Q.  Ai, when you were out there the last few holes of the Safeway Classic following Mika, she has seen you win quite often and you have seen her come close so often.  As good as a friend as she is to you, what were the emotions like as you were watching her trying to get that first win, and then when you knew she had it on 18?

AI MIYAZATO:  Well, I walked the last couple holes, 17 and 18, but I watched her birdie putt on 17 and it make me really nervous, more than when I play.  I was like a little bit shaking, but seemed like she was really calm and she really trusted herself. 

She played really well on 18, too, because 18 was really tough finishing hole.  I was just really happy.  Like almost not more than I win the tournament, but it's like almost the same feeling that I had.  Like I said, I know her when she was little, so it's been over 10 years and we practicing together in Okinawa, which is where I'm from.  We had a great time when we were little, so I was just really happy for her.

MODERATOR:  Has she gone to you at all for advice a lot when she first came out to the LPGA Tour

AI MIYAZATO:  No, not at all.  She know herself really well, so she doesn't need my advice or anything.  It's been four years, it's been four years since she jumped on this Tour and kind of took her time to get her first win.  It's like I did the same things, too.  When I won Evian, that was like fourth year on the LPGA Tour, so we're having the same time.  So I really feel that what she's feeling right now, so that's why I think I felt like really happy about her.  It was really a joy to watch her game.

Q.  You said you missed this tournament, you missed playing at Kingsmill.  Can you elaborate on that a little bit?  What did you miss about it, and now that you're back, does it come back up to your expectations?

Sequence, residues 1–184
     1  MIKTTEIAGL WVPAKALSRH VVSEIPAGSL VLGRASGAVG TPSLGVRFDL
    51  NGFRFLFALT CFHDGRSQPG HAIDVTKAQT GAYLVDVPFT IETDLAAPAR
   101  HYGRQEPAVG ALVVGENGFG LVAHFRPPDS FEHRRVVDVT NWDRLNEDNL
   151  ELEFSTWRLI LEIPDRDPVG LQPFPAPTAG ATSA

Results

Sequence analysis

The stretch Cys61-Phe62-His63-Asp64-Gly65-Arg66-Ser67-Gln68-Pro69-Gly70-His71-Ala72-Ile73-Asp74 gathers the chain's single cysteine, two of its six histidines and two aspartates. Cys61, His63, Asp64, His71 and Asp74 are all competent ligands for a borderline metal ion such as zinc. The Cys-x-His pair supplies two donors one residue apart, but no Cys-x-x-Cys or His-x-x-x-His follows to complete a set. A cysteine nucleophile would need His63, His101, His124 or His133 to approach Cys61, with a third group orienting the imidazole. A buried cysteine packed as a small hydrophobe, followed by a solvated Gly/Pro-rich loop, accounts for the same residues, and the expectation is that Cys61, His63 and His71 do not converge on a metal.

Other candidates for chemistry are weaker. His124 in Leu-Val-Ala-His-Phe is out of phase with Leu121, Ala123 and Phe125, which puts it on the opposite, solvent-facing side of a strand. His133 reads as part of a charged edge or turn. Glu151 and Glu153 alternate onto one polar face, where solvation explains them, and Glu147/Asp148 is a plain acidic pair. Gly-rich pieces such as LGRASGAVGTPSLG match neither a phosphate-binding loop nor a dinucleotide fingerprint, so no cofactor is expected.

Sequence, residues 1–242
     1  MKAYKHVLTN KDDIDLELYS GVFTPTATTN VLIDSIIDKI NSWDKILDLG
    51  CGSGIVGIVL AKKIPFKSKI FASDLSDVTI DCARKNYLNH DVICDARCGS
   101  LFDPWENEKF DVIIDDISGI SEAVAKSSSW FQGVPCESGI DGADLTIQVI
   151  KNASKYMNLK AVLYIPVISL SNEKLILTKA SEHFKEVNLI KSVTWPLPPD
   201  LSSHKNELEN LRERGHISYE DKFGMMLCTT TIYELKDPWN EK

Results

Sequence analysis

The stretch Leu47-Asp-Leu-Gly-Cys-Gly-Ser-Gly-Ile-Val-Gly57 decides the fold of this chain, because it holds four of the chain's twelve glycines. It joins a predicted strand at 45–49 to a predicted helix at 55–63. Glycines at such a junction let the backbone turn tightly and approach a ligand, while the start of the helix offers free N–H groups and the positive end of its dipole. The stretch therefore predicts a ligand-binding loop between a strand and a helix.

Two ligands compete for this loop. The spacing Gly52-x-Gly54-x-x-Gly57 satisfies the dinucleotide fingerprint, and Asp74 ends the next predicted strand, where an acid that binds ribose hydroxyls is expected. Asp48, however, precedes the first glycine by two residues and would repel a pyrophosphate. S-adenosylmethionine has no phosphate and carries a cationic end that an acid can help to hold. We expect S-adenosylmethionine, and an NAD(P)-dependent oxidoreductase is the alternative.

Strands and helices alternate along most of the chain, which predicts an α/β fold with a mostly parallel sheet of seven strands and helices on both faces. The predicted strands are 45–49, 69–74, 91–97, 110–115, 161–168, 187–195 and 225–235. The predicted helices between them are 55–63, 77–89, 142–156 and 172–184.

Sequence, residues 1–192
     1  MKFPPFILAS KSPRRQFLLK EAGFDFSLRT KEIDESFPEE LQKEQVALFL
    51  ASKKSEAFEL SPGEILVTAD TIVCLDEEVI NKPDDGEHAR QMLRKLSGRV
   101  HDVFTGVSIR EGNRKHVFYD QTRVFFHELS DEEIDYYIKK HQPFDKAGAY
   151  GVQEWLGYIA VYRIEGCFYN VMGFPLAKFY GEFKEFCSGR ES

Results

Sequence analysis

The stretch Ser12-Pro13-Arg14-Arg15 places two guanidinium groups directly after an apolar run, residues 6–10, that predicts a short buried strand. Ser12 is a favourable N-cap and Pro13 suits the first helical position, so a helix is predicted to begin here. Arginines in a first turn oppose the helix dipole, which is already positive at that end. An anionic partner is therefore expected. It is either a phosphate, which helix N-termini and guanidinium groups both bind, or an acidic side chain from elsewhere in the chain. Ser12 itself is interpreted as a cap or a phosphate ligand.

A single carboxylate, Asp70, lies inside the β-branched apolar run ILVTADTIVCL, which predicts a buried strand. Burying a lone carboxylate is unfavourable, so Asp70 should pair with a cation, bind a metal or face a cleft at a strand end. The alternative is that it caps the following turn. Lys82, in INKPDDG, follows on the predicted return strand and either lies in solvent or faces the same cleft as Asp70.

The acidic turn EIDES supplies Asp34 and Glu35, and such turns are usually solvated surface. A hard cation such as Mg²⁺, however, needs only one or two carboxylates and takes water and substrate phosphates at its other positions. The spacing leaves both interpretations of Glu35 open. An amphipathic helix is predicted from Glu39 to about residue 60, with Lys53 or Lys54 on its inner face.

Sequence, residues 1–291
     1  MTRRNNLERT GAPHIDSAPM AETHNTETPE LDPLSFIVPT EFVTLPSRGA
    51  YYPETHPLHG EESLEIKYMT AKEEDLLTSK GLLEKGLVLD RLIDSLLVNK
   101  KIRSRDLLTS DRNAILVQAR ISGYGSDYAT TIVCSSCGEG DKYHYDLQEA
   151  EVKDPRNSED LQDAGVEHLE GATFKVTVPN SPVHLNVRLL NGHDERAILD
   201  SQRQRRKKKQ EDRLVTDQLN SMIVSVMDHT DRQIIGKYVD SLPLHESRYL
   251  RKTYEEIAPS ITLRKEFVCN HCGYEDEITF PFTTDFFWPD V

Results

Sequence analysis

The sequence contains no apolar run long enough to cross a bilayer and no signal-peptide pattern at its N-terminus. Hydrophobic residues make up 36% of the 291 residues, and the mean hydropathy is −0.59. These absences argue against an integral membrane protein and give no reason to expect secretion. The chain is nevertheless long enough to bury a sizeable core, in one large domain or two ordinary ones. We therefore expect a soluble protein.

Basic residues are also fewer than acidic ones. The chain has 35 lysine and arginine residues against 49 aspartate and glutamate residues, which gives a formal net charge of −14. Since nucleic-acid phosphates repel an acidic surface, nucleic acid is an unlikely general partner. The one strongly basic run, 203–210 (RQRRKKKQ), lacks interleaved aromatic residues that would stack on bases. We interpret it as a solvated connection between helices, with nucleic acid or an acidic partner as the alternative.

AI MIYAZATO:  The first, I really love this golf course because it's always really green, if you know what I mean.  It's not brown and it's always in good shape.  The greens are really smooth and the fairways are pretty wide.  I love this nature here, so that's why I missed this tournament. 

Like I said, I love the tournament atmosphere, the always‑good crowds and the tournament is really organized.  Very convenient, this tournament.  If you want to go to the Busch Gardens after you have bad day or something, you can have a refreshed time.  It's just so many great things.  I know so many great things about this tournament, so that's why I miss this so much. 

Now I'm here, and like she was explaining about '09 and '07, I finished up there and I have great memories, so hopefully on Sunday I can get a trophy from this tournament.

Cristie Kerr, Rolex Rankings No. 10

MODERATOR:  All right.  We would like to welcome Cristie Kerr into the interview room.  Thanks so much for joining us today.  I know this is a special place for you.  Everybody's been talking all week about how excited they are to be back here at Kingsmill.  As the two‑time defending champion here, what does it mean for you to be back here?

CRISTIE KERR:  I think nobody's looked forward to it more than me.  I've got great memories here and I stay with a great family, the Wickers, and it's such a great time.  The golf course is one of my favorites, it's about my favorite on Tour, and I've just got good feelings all around when I come here.

MODERATOR:  You got to be out on the golf course today and the past couple days.  What are your initial thoughts on it coming back and how does it look out there?

CRISTIE KERR:  It looks good.  They got a lot of rain on Saturday and Sunday.  It's started to dry out.  Hopefully, we won't get a lot of rain tonight, which they're calling for. 

The golf course is a lot more Bermuda dominant as far as the grass than I remember, but it's probably the different time of the year.  The course is good.  The greens are starting to get a little faster, a little bit more smooth, and they should be better by tomorrow.